|Our first Burmese Buddha of many!|
At this point we waved goodbye to our Chinese guide Jason and met up with our new Burmese guide Myo Win Tun. But Myo is not going to be our only travelling companion in Myanmar. Because we are a foreign group travelling independently, rather than using Burmese companies, we are a bit of a new experience from the country, and this is only the third time a Dragoman truck has been here. So we have to have special arrangements. Not only do we have to provide a plan of where we are going and where we will be staying, which cannot be altered, we also have to have an escort.
So we were introduced to Mr Khaing, who will drive the little white car that will be our shadow for the next four weeks, and Tang, the government official from the Ministry of Tourism. These two will be with us wherever we go. As I am posting this towards the end of our time in Burma, I can tell you that in fact this was not nearly as bad as it sounds, and in fact they were both great guys who clearly wanted us to enjoy our trip. Of course they didn't speak English, so there was no real conversation, but we all got along very nicely.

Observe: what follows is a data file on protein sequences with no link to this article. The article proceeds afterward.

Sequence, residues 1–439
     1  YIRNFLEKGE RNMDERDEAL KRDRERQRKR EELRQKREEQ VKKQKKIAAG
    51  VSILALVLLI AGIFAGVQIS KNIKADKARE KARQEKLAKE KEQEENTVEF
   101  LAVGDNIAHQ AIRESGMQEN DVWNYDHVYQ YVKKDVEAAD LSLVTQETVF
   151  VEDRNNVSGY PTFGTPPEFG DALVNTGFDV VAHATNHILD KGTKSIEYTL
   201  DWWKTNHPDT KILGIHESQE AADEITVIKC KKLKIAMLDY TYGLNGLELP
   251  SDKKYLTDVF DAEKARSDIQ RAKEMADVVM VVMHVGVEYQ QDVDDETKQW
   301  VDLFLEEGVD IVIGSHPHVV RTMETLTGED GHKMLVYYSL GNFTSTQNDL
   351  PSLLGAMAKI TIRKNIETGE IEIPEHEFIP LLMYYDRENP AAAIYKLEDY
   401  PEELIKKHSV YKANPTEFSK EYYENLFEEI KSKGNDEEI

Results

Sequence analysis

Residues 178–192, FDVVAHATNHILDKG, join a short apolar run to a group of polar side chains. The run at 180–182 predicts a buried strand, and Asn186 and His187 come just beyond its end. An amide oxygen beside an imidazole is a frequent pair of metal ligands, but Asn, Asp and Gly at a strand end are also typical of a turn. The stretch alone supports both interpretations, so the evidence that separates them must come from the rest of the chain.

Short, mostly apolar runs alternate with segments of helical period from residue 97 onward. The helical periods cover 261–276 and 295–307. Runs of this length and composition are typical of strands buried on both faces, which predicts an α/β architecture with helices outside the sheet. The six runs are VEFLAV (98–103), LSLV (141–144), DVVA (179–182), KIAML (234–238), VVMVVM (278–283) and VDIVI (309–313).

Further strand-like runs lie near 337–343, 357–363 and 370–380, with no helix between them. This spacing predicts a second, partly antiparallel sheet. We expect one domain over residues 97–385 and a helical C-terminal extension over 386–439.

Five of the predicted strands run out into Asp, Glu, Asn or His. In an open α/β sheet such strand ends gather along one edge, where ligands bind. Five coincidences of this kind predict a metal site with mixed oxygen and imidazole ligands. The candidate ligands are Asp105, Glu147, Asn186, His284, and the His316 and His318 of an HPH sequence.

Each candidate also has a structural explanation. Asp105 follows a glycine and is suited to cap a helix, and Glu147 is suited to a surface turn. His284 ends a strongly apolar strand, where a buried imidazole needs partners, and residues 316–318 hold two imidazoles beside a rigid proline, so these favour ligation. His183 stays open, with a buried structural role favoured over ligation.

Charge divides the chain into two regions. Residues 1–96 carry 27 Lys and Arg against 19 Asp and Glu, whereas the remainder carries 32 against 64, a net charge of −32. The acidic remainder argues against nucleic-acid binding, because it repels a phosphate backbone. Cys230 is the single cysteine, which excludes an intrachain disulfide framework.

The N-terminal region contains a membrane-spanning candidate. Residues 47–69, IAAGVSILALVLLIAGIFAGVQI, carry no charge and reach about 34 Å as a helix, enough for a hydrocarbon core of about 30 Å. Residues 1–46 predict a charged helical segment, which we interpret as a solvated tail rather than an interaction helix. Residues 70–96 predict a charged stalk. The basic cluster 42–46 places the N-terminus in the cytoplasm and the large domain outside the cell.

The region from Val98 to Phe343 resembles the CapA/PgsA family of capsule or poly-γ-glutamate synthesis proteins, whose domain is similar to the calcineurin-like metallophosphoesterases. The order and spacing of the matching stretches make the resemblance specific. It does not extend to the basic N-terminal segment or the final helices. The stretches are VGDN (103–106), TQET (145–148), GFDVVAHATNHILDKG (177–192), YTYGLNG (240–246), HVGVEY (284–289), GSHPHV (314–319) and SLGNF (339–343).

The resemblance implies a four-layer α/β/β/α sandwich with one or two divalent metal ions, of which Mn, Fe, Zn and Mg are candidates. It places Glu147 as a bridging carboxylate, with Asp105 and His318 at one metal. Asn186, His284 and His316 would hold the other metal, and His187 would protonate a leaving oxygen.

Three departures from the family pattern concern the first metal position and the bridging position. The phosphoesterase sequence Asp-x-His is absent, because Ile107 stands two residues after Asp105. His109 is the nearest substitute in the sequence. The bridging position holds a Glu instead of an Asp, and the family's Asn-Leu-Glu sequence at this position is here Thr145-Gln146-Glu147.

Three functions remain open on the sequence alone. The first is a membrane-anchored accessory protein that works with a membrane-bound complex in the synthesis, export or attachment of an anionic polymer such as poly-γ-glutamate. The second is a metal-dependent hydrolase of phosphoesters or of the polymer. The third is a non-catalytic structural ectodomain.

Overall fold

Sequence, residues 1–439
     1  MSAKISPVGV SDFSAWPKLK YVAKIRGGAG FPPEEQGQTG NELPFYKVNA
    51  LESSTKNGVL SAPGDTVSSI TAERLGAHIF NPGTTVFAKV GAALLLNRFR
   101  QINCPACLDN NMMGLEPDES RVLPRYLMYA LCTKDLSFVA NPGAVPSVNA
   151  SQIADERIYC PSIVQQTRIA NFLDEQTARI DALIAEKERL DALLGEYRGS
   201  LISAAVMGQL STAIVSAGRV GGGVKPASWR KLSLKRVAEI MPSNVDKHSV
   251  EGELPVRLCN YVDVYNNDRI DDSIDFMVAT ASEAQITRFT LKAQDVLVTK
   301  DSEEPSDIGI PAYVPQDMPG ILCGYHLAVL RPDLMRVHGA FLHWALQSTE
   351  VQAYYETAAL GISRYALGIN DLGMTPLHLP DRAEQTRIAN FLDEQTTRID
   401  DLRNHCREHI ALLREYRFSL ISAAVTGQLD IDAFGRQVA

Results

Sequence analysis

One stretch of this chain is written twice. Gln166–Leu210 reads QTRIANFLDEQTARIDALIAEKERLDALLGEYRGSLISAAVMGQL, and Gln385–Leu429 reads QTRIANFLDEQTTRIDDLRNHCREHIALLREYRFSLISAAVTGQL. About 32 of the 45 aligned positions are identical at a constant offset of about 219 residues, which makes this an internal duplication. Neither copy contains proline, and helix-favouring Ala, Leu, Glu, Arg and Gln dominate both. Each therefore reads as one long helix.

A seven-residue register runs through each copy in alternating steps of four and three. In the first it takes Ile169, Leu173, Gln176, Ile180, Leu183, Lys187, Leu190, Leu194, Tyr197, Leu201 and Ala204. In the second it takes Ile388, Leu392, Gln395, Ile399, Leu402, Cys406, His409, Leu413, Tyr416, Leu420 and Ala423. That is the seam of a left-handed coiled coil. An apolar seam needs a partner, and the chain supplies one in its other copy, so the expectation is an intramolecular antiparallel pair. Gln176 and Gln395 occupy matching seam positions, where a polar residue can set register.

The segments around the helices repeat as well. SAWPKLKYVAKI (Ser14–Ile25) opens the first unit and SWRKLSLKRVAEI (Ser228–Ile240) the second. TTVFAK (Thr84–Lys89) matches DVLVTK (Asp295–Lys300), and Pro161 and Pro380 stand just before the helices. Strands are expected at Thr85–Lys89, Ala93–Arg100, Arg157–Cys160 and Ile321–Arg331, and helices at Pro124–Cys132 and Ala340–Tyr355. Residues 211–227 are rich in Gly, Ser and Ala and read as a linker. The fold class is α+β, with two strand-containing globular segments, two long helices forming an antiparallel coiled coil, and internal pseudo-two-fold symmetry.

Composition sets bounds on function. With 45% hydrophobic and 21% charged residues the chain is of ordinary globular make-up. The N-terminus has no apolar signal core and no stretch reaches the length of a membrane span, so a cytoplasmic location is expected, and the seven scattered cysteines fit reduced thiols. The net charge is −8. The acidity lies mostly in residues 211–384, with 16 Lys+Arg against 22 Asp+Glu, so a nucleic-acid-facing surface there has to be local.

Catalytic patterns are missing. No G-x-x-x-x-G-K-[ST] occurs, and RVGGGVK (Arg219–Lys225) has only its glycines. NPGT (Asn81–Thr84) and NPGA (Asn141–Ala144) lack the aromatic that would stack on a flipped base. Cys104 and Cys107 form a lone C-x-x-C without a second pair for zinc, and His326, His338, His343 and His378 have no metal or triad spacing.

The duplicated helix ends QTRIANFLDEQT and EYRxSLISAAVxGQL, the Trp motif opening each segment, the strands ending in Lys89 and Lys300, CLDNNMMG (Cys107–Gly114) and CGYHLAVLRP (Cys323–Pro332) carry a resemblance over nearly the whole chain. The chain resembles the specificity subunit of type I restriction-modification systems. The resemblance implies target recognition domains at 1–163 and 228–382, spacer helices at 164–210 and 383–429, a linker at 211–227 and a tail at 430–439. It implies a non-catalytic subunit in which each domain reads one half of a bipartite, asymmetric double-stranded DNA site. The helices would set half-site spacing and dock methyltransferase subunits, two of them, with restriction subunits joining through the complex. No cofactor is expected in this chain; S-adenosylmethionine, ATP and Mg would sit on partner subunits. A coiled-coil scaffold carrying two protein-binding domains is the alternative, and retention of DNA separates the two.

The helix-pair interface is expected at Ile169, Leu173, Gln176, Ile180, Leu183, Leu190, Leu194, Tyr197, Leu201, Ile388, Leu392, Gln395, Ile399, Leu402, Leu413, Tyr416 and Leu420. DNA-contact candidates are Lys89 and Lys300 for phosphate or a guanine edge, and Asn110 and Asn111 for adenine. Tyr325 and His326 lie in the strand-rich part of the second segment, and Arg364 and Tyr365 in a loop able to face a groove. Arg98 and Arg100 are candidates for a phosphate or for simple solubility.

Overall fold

Now that we were out of China, we just needed to get in to Myanmar. That actually went quite smoothly, albeit slowly, until we discovered that one of our fellow passenger's visa was not quite right as it didn't cover the whole time here. And so began a series of lengthy discussions and negotiations about whether he could be allowed in. Eventually someone who had sufficient authority decided to allow it, and we were in.
Once released from photo duty, we took a short drive to grab some lunch. Despite gaining an hour and a half in the time change, it was well after 2pm, and we had a long drive ahead of us to get to our campsite at a Monastery in Hsipaw.